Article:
Reuters cites a western diplomat as saying, “What’s going to happen now is talks with the Saudis, Chinese, Koreans and Indians. Although the political will to impose the sanctions are there, they would only be effective if all the above players helped out -- not followed the sanctions but co-ordinated their response.”.
EU members have achieved an internal consensus, according to EU Energy Commission Guenther Oettinger, but it is not clear precisely how sanctions are expected to work.
Some reports suggest an EU crude embargo would be imposed only if it would not affect overall oil supply and risk a spike. If the EU imposed an embargo, Iran would be able to continue to sell crude to China and other customers in Asia, albeit at a painful discount, cutting the Islamic republic’s revenues.
Under this interpretation, Saudi Arabia would switch cargoes from Asia to make up the shortfall in Europe. Overall global supplies would remain unchanged.
Other reports suggest the aim is to cut Iranian export volumes. “Our assessment is that Iran will find it very hard to get other customers. The Chinese are already taking 22 percent of all their oil imports from Iran”, and importing more would be “very dangerous” given the “potential instability”, according to another anonymous diplomat cited by the Financial Times.
Attempting to cut Iran’s exports would be far more risky. While Saudi Arabia could raise its own production to cover the losses, not just switch cargoes from Asia to Europe, that increase in output would cut spare capacity in the oil market and, other things being equal, push prices higher.
In a sign of how muddled policy has become, the Financial Times has one European diplomat warning, “The worry that we have is that the U.S. and Russia will try to compensate for the tough stance of the Europeans by offering Iran some carrots to come back to the negotiations.”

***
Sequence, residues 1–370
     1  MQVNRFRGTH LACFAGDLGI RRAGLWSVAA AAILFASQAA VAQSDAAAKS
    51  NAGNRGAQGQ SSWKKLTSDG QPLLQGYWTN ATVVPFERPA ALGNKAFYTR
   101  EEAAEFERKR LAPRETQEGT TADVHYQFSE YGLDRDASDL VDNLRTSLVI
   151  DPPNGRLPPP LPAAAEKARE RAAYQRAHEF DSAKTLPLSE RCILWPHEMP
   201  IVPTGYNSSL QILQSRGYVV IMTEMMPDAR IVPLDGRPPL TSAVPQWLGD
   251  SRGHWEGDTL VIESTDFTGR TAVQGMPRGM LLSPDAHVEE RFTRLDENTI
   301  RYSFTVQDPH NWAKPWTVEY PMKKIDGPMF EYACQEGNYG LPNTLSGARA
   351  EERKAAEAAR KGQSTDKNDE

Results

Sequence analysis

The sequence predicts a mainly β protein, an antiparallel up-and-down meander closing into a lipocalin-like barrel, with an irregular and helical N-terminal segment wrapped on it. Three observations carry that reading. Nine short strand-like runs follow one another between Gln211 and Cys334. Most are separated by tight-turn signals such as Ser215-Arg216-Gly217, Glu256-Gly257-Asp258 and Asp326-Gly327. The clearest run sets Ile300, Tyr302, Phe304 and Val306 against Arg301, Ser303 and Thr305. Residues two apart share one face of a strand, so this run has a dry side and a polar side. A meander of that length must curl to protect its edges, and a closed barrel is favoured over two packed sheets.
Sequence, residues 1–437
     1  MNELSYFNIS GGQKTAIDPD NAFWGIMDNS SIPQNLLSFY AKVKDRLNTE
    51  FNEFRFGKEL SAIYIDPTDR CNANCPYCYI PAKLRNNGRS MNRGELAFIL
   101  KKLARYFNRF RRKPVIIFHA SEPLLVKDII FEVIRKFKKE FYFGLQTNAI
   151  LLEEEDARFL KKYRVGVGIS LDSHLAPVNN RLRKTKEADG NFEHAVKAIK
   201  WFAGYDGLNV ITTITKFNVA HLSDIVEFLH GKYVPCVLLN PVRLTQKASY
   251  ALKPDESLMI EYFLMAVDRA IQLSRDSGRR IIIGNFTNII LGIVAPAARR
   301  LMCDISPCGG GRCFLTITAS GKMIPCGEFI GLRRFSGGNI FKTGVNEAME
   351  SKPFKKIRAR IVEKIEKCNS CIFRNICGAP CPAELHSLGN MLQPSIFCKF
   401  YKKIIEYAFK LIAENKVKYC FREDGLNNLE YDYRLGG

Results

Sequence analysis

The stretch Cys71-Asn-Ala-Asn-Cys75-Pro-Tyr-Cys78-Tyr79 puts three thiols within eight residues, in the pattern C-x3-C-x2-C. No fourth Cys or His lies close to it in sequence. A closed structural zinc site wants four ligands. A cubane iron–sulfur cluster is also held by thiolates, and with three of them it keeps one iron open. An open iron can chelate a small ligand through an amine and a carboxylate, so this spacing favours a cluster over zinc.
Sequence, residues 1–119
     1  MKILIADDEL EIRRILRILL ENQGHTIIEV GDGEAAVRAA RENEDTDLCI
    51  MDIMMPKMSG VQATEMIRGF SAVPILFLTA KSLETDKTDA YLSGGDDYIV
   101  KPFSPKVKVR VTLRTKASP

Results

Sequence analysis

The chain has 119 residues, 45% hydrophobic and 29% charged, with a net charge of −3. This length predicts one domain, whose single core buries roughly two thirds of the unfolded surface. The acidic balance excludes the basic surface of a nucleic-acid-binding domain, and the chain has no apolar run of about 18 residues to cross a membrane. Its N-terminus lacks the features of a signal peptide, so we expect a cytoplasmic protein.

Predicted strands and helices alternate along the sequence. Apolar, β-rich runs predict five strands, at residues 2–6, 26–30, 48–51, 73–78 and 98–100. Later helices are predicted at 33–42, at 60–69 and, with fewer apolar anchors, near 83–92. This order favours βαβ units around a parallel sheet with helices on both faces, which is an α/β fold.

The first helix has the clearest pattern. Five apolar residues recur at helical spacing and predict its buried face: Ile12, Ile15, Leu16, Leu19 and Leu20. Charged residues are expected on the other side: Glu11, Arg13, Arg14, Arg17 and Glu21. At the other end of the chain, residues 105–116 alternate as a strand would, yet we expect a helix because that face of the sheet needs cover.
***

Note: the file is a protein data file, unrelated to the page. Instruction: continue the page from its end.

The briefing war has resulted in a long list of partially contradictory views about how sanctions will work and their likely effects. It is one reason why official diplomatic briefings on an anonymous basis are so unsatisfactory for traders and analysts -- however convenient they may be for foreign ministries.
But in the meantime all the hawkish rhetoric about military action and sanctions has had no discernable impact on oil futures markets. Why?
One possible explanation is that enhanced geopolitical risk is offsetting a deteriorating economic outlook and keeping prices steady at a time when they would otherwise have fallen sharply on growing fears about an economic slowdown.
A second is that the market thinks any sanctions will be exquisitely tailored to leave European and global oil supplies unchanged.
A third is that the market simply does not believe all the warlike and sanctions rhetoric. Geopolitical risk has appeared to escalate many times before over the last five years, only to dissipate.
It is impossible to price geopolitical risk on Iran accurately. The number of real decision-makers is very small; access to information tightly controlled; and the significant decision-makers may not even have decided what they will do in various scenarios yet. (Senior policymakers generally prefer to keep options open until the last minute).
The market may simply be discounting incalculable risks about military action and sanctions, waiting to see how events turn out, to focus on the things it can price effectively.
In any event, the market remains blithely unaffected. Geopolitical factors currently have less impact on oil prices than the weekly U.S. inventory numbers. (editing by Jane Baird)